Each year, our Scientific Review Committee evaluates proposals from researchers at the Medical College of Wisconsin (MCW) to choose the three most promising studies that are aligned with the mission of WBCS. We play an active role as a partner of MCW to ensure your donations are used in the most promising way.
WBCS Scientific Review Committee
The WBCS Scientific Review Committee (SRC) meets annually to review grant proposals and recommend approval and funding by the WBCS Board of Directors. Ravi Misra, PhD, Dean of the Medical College of Wisconsin (MCW) Graduate School, chairs the MCW peer scientist review committee that reviews and ranks all proposals before they are presented to the SRC for further evaluation and discussion. The purpose of the SRC, in partnership with the MCW Cancer Center, is to provide oversight and focus to the allocation of WBCS funds provided by the annual Showhouse for a Cure and its supporting events.
2016 Scientific Review Committee
(Seated L-R) Jan Lennnon, Diane Zore (chair), Ed Ward, Carol Williams, PhD.
(Standing L-R) Mark Blake, MD; Mark Bosbous, MD; Alysandra Lal, MD, MPH; Ravi Misra, PhD; Ming You, MD, PhD.
Recipients of the 2016 WBCS independent seed grants are:
Anjishnu Banerjee, PhD
Assistant Professor of Biostatistics, Medical College of Wisconsin
Research Title: “Bayesian Ensemble Prediction for Identifying and Classifying Heterogeneity of Cell Types in Prostate Cancer”
One in seven men will be diagnosed with prostate cancer. Improving diagnostic accuracy is essential for preventing suboptimal, ineffective treatment or unnecessary procedures that can lead to impotence, incontinence and other factors affecting quality of life. In particular, early diagnosis of indolent versus aggressive cancer can lead to substantial improvements in treatment. Early diagnosis using advanced multi-faceted MRI has become standard of care in prostate cancer. Valuable information in these advanced MR images can be used to predict the location-specific grade of cancer using machine learning approaches to develop sophisticated algorithms with more predictive power than current approaches. Such automated detection has tremendous potential for reducing misdiagnosis, leading to improved treatment and substantial reduction in unnecessary procedures. Elementary versions of the proposed techniques show promising performance in simulated data. Fine tuning these techniques should lead to additional funding from extramural sources, including the National Institutes of Health.
Carmen Bergom, MD, PhD
Assistant Professor, Radiation Oncology, Medical College of Wisconsin
Research Title: “Mapping Tumor Evolution in the Radiation Response in Breast Cancer”
Research progress has led to breakthroughs in the systemic treatment of breast cancer, such as Her2-targeted therapies. However, no similar use of tumor information has been utilized for effectively directing the use of radiation therapy. The development of predictive tools for the radiosensitivity of tumors could guide the dosage of radiation administered or lead to the use of other treatments in conjunction with radiation to treat radiation-resistant tumors. Cancer cells have the genetic ability to adapt to inhospitable environments and escape from standard therapies. The goals of this project are to (1) identify key genetic pathways important for tumor adaptations to survive radiation therapy; and (2) validate target genes that are identified and compare them to gene expression profiles in human breast cancer patients. Ultimately, the identification and validation of these pathways could lead to therapeutic targets that will enhance the radiation response in breast cancer.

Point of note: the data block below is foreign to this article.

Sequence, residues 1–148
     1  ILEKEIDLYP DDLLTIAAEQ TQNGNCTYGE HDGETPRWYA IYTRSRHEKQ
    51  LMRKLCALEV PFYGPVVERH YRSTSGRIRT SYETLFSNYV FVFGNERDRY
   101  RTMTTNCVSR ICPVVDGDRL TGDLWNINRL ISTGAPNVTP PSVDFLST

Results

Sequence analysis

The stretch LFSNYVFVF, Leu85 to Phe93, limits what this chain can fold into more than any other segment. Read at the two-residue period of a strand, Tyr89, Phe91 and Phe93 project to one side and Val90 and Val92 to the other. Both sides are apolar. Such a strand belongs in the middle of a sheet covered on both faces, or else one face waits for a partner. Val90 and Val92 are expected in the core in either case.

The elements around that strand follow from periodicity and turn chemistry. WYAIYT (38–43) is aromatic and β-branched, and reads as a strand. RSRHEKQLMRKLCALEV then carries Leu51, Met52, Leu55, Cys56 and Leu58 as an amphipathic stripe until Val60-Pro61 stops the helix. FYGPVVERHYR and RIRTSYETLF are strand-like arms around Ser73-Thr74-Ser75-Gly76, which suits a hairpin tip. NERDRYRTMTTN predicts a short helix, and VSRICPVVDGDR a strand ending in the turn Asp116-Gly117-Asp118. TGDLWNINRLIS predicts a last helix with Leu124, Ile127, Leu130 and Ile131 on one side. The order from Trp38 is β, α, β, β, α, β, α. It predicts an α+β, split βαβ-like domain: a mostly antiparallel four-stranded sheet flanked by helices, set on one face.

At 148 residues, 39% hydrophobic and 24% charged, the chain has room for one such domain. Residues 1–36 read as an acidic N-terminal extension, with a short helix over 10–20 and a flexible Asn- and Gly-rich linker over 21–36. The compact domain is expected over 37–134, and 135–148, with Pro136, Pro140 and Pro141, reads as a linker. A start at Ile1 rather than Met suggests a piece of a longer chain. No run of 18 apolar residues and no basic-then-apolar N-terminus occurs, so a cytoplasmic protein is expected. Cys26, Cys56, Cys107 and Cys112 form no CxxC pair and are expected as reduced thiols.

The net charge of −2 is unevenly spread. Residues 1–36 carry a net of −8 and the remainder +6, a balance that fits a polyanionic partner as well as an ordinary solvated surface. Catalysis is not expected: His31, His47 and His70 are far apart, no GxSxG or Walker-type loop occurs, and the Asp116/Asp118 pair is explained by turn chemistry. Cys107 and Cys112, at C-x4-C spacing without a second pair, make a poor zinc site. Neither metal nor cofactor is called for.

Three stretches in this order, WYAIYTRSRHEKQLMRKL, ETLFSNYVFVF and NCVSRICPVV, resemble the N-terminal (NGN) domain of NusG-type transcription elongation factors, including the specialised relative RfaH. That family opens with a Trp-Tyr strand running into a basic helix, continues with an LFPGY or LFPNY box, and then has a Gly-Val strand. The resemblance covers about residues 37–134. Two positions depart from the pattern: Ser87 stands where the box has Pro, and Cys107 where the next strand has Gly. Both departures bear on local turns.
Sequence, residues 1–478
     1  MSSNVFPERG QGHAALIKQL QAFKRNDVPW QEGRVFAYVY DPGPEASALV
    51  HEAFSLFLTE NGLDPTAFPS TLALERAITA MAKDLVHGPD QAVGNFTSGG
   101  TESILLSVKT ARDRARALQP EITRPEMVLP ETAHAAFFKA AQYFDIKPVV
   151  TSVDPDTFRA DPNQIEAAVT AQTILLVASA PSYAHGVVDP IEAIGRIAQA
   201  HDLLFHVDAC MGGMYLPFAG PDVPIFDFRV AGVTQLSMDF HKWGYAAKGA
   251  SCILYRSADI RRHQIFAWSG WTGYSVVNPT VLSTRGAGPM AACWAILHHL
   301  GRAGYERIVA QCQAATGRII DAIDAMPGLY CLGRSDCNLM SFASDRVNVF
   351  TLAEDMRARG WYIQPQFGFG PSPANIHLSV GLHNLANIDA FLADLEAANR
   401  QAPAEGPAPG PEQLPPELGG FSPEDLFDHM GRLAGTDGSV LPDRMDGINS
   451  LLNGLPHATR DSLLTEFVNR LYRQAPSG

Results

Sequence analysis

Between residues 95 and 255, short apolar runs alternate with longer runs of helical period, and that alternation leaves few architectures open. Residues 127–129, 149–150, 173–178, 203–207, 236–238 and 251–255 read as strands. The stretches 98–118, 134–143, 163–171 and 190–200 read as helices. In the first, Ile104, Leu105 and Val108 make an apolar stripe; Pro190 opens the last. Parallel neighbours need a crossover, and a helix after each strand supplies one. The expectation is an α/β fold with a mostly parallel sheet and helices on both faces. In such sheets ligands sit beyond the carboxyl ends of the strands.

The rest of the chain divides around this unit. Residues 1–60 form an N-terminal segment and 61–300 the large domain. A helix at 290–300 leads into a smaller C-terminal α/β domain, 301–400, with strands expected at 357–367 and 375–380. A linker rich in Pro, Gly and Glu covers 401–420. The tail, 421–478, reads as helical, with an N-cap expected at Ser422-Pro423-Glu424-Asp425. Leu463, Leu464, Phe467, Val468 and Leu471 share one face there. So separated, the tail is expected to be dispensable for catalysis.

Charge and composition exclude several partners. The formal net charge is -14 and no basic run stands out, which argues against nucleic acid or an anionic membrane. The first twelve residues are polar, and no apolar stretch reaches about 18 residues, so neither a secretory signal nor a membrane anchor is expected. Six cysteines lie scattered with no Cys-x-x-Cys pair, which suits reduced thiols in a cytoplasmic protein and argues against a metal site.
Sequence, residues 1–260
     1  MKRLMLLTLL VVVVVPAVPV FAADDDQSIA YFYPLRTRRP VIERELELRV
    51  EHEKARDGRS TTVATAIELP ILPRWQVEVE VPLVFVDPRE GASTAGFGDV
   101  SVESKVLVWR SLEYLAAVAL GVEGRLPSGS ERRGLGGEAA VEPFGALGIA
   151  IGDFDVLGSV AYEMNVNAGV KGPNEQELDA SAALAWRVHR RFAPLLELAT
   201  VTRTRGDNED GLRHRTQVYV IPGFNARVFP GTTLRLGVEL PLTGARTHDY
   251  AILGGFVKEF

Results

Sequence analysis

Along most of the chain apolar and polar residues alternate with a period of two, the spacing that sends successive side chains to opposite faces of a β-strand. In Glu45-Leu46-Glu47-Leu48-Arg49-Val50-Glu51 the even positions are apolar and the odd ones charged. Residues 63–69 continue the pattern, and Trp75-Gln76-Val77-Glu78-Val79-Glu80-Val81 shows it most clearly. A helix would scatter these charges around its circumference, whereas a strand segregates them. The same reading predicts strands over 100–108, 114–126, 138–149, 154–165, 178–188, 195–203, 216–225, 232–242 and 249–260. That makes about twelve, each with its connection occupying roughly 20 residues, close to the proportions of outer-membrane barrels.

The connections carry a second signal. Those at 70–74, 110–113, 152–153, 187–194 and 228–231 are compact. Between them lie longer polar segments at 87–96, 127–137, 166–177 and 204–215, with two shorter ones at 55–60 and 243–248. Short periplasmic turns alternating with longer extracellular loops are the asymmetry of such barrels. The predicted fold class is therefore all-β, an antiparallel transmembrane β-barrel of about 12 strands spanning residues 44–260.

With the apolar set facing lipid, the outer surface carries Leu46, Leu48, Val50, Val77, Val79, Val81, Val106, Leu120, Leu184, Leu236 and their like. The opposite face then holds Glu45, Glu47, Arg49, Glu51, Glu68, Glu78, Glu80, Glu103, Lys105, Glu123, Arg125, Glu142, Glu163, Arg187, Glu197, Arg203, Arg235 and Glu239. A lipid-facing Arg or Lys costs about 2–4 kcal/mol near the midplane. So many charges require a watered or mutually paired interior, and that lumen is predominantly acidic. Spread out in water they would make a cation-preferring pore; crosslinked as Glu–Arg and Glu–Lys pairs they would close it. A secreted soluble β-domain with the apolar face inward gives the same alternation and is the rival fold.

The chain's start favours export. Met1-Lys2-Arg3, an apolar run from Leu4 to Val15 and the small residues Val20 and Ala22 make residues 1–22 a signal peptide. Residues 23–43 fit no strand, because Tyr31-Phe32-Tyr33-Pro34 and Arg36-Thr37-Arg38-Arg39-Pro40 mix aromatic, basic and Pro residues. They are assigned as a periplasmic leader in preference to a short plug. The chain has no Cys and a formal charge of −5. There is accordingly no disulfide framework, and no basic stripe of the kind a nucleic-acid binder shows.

Andrey Sorokin, PhD
Professor, Medicine/Nephrology, Medical College of Wisconsin
Research Title: “Role of Shc Proteins in Mammary Tumor Progression”
The Sorokin laboratory has discovered a novel mechanism of regulation of FOXO (a type of protein that plays important roles in regulating the expression of genes) by a member of a family of adaptor proteins termed Shc, which may be responsible for the progression of breast cancer. An exclusive opportunity exists to evaluate directly the contributions of individual Shc proteins to mammary tumor progression by studying unique genetically modified rat strains depleted of individual members of the Shc family of proteins. These rat strains will be used in a well-established model of chemically-induced mammary cancer. At least one of the rat strains from the laboratory’s unique set of rats is expected to demonstrate relative resistance to chemically-induced tumor formation and growth, which will allow the novel key player in the progression of mammary tumors to be identified. The proposed studies are important because they will allow identification of potentially novel effective biomarkers and/or useful targets for treatment.
Dr. Hallgeir Rui named WBCS Professor of Breast Cancer Research
WBCS initiated funding for an endowed chair in basic breast cancer research beginning in 1999. It grew from funds donated over and above annual research awards for early-stage breast cancer and prostate cancer research. The endowed professorship provides a new opportunity for WBCS to advance the frontiers of breast cancer research and ultimately impact research protocols and best practice improvements that have a global reach. WBCS will continue to fund promising early-stage research protocols up to $300,000 annually, in addition to adding support for the professorship and laboratory commitments.
One of the most exciting recent developments is the award of the WBCS Endowed Breast Cancer Research Professorship. Internationally known breast cancer researcher Hallgeir Rui, MD, PhD was recruited for this position. Read more about Dr. Rui here.